Dr. Godwin Ude, MBA, PhD

Executive Director, Kingdom Acts Foundation

As an organization focusing on New Immigrant Settlement ProgramKingdom Acts Foundation appreciates the British Columbia resettlement processes’ efforts to make Canada a welcoming country for immigrants. However, my experience has identified several significant gaps, particularly affecting new immigrants and refugees from developing nations forming the BIPOC communities in Canada.

Firstly, the current resettlement process must address many immigrants’ linguistic challenges adequately. Although there are free language classes, they often lack the capacity to meet the diverse needs of immigrants, such as translation services for documents or multilingual mental health support. Providing more comprehensive, individualized language training and services is crucial to facilitate smoother integration.

Secondly, credential recognition still needs to be improved. Skilled immigrants often need help to have their professional qualifications recognized, which leads to underemployment and financial instability. This issue is particularly pronounced in the BIPOC communities. Policies to streamline foreign credential recognition will help immigrants maximize their potential and contribute more effectively to the Canadian economy.

Thirdly, cultural sensitivity in support services needs to be enhanced. Programs should consider cultural norms, historical experiences, and unique challenges facing the BIPOC communities. For instance, refugees fleeing conflict may require trauma-informed care, and the current one-size-fits-all approach to services can be inadequate.

Fourthly, more access to reliable information about essential services, rights, and laws must be available. Many immigrants and refugees must be fully informed of the resources available or their rights and responsibilities under Canadian law. This lack of knowledge can contribute to feelings of isolation and disempowerment.

Lastly, the current process needs to facilitate community connections sufficiently. Immigrants and refugees often feel isolated due to needing more opportunities to engage with the broader community. Implementing cultural exchange and interaction initiatives could foster a more inclusive society.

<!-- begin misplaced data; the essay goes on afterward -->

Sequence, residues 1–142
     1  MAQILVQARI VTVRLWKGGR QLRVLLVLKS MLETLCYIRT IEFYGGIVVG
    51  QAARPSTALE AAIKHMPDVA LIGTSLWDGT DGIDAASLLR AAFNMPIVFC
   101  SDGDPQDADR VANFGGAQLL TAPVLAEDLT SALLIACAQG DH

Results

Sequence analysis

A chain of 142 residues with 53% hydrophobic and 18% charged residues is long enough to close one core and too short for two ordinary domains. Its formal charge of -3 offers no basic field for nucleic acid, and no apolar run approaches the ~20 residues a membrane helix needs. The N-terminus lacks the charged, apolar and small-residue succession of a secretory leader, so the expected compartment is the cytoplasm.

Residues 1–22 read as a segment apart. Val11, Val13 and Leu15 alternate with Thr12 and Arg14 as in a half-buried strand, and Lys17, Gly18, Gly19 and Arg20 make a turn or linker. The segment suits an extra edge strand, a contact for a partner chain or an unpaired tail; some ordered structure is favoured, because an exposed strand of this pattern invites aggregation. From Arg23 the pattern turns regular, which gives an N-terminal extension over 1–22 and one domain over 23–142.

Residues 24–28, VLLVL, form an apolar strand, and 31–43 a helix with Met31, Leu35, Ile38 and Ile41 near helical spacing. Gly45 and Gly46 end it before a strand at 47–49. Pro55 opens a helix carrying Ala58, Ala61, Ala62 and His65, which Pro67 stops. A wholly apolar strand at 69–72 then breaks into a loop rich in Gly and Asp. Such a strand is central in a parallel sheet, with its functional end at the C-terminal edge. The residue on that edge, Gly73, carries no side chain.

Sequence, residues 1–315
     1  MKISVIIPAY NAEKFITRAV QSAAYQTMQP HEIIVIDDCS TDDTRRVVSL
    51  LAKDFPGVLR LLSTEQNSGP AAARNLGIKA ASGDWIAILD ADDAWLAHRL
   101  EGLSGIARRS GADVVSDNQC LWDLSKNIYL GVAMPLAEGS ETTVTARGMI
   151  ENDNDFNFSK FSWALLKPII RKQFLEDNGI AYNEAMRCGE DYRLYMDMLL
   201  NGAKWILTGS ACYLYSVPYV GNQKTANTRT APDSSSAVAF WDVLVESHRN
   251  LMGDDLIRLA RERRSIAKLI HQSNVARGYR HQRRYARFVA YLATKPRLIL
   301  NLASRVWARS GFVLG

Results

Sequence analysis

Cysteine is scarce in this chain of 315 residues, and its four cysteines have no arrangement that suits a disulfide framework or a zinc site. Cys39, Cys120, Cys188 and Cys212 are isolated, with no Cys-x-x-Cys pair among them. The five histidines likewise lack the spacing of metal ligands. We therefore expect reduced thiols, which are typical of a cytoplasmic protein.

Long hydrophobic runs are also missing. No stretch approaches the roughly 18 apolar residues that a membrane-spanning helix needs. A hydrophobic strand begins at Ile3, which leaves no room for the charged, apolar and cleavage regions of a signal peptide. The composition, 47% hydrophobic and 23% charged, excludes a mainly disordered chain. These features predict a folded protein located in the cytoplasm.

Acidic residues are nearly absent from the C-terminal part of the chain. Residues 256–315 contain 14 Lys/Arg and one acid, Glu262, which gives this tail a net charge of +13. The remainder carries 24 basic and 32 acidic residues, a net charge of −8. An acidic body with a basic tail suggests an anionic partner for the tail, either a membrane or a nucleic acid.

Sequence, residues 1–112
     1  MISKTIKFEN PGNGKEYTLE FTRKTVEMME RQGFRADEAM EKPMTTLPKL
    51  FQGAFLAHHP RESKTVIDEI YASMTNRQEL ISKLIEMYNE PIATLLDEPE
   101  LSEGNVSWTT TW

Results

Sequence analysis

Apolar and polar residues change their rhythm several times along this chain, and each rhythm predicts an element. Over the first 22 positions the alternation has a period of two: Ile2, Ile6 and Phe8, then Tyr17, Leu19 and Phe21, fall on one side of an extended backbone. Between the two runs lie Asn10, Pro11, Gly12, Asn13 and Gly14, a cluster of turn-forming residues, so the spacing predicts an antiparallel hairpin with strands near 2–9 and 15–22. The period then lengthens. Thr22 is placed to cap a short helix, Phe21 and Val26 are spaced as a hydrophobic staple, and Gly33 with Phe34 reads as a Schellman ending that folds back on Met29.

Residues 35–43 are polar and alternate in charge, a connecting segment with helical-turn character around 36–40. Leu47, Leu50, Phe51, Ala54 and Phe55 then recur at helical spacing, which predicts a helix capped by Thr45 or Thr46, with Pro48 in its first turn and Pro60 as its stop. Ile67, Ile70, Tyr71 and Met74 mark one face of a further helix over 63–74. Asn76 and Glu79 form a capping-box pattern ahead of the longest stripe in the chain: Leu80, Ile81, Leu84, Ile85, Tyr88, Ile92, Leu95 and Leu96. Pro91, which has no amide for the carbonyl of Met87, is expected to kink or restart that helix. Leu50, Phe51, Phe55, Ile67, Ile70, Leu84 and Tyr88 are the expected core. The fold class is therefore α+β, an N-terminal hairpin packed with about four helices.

To address these gaps, I propose a multi-pronged approach:

  1. Enhance Language Services: Implement tailored language programs and translation services for different groups, considering age, educational background, and specific needs.
  2. Streamline Credential Recognition: Work with professional bodies to streamline foreign credential recognition and provide support to immigrants during this process.
  3. Culturally Sensitive Services: Training for service providers to enhance their understanding and sensitivity towards diverse cultures. A trauma-informed approach should be employed where necessary.
  4. Improved Information Access: Develop accessible platforms that provide clear and comprehensive information about available services, rights, and laws.
  5. Foster Community Connections: Encourage initiatives that promote cultural exchange, such as mentorship programs, community events, and volunteering opportunities.

While British Columbia has made strides towards being an inclusive province, there still needs to be more in the resettlement process. By addressing these, we can ensure that all new immigrants and refugees feel welcome and respected and contribute fully to their new communities.

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